Watching The Queen in Me at the Canadian Opera Company Theatre last night I thought to myself that this was probably the first time I’d heard Teiya Kasahara singing classic opera arias with an orchestra. Given how many times I’ve seen Teiya on stage that seemed really weird. And that, I suppose, is one major aspect of what this show is all about; how casting is so rigidly stereotyped that it demands that people become something other than themselves to get cast. A tall, muscular, tattooed Queen of the Night isn’t that much of a stretch but a tall, muscular tattooed Cio Cio San or Mimi is a bridge too far.
As we head into summer, as usual, things start to quieten down. I only have five shows in my schedule for the month of June:
- June 2nd, 4th and 5th Toronto City Opera are presenting Cavalleria Rusticana at the Fleck Dance Theatre. It’s the usual TCO format; piano accompaniment, amateur chorus, young professional soloists. Jennifer Tung conducts.
- June 2nd, 3rd, 4th at &.30pm at the Canadian Opera Company Theatre it’s the latest iteration of Teiya Kasahara’s The Queen in Me. It looks like this time it may be with small ensemble rather than just piano. There’s a promo video on the COC’s Youtube channel.
- June 3rd to 10th (preview June 2nd) at Crow’s Theatre it’s Maxime Beauregard-Martin’s Singulières; a play about “single ladies” in Quebec. It’s in French with English surtitles (and/or 3D glasses).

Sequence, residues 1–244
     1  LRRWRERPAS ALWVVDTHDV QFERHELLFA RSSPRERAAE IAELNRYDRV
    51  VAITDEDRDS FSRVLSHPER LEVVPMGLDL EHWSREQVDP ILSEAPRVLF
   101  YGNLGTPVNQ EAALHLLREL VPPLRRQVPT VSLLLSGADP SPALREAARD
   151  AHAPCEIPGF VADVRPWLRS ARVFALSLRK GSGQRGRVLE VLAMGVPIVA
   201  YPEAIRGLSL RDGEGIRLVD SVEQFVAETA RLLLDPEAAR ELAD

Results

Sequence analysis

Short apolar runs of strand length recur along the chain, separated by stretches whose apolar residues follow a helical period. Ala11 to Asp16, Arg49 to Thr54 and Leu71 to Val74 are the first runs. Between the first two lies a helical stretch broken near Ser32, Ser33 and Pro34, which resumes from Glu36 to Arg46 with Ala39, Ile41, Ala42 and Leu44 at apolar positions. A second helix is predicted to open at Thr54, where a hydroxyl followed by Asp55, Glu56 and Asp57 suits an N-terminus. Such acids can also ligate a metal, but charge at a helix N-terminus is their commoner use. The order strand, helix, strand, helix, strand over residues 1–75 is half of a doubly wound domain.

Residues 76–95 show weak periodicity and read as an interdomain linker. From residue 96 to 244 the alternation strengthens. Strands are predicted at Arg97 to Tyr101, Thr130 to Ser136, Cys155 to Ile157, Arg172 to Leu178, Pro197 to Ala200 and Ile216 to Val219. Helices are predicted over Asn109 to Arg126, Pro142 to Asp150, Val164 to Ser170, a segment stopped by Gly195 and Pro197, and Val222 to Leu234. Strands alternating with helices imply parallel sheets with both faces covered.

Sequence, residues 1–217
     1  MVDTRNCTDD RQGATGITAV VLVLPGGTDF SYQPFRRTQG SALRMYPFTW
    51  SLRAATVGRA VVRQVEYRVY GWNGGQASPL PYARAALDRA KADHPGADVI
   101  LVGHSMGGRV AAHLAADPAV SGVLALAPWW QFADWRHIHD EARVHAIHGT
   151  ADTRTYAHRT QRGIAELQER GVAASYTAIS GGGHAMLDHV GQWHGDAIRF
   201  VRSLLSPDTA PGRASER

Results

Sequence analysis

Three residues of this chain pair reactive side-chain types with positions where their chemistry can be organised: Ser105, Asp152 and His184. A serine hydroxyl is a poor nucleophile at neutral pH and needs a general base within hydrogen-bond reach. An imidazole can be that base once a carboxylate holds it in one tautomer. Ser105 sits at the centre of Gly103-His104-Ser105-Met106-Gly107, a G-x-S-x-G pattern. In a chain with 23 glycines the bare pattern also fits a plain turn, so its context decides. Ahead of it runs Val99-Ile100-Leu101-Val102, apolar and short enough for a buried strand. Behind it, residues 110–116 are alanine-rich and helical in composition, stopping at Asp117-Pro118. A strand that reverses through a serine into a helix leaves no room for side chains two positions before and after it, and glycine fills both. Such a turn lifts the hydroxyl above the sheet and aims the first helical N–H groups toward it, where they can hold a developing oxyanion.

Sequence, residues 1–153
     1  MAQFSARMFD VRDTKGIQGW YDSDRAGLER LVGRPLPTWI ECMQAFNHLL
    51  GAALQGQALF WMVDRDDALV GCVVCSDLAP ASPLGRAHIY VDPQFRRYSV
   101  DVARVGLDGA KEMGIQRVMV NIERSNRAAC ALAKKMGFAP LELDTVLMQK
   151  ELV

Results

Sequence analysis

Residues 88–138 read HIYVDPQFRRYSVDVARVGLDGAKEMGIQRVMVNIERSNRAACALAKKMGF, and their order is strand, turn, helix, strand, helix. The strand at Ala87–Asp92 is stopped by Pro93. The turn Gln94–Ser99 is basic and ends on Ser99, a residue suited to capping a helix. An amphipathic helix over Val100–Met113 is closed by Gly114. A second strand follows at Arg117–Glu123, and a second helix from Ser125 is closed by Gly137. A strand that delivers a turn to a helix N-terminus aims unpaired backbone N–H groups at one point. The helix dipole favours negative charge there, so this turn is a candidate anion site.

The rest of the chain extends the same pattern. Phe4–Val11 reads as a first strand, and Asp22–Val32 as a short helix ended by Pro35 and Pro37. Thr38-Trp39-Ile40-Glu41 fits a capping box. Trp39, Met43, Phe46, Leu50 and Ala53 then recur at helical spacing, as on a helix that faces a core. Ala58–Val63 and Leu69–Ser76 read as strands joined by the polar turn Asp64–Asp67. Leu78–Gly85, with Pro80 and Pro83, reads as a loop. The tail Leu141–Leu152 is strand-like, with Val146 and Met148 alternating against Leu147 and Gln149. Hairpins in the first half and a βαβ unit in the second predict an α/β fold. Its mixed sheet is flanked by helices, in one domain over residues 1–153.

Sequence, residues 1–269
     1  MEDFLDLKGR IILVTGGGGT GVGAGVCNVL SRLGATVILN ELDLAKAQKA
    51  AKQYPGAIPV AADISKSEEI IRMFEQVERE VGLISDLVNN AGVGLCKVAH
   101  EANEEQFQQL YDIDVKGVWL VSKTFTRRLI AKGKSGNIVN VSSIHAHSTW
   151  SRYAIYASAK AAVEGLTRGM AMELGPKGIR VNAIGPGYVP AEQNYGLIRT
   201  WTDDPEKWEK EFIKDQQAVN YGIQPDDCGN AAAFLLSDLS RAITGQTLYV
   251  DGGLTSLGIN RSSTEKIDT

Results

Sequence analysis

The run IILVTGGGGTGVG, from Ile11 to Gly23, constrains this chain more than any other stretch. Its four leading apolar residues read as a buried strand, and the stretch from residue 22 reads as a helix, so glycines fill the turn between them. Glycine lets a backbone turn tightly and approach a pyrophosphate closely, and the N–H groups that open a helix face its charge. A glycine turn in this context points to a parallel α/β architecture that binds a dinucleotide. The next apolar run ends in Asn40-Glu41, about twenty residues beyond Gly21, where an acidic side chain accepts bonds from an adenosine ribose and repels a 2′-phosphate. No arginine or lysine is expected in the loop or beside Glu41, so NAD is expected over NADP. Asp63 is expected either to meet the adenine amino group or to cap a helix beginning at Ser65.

- June 5t at 4pm at Grace Church on the Hill, Soundstreams are presenting a homage to the late R. Murray Schaefer. This one is free but registration is required.
- June 15th, 16th, 18th and 19th at 8pm at Roy Thomson Hall the TSO are presenting Beethoven’s ninth symphony with an impressive line up of soloists including Rihab Chaieb. It’s coupled with three short premiers including a piece by Adam Scime.
That’s about it until Toronto Summer Music opens on July 7th.
The third SOS – Sketch Opera Singers from Tapestry Opera is now up on Youtube. It’s quite similar to the previous episodes with inspired lunacy from KrossØver (Teiya Kasahara, Keith Klassen, Krisztina Szabó, Korin Thomas-Smith and a snail but definitely not Simone McIntosh). I think it’s a bit darker and a bit weirder than earlier episodes, even a bit surreal in places. The sketch where people are helped through break-ups by soft toys singing well known arias comes to mind. Still, it’s half an hour of (mostly) harmless fun. Definitely worth a watch.
SOS2 was at least as good as the first instalment. Krisztina Szabó came in as replacement for Simone McIntosh who is back on the west coast and showed that she’s at least as crazy as anyone else involved in this show (even Keith Klassen and that’s saying something). Highlights include Korin Thomas-Smith auditioning for Papageno and being asked to sing everything from Sarastro to the Queen of the Night, Krisztina as a manic photographer, the previously mentioned ABBA-nera, Teiya Kasahara breathing COVID on Keith Klassen and lots more rather dark virus humour. All sorts of people chipped in with cameos and/or music, Michael Mori and Keith Klassen directed with Jennifer Tung and Juliane Gallant providing music direction. Technical quality is excellent and it’s free. It’s only 30 minutes long so there’s no excuse for not watching. It’s available here.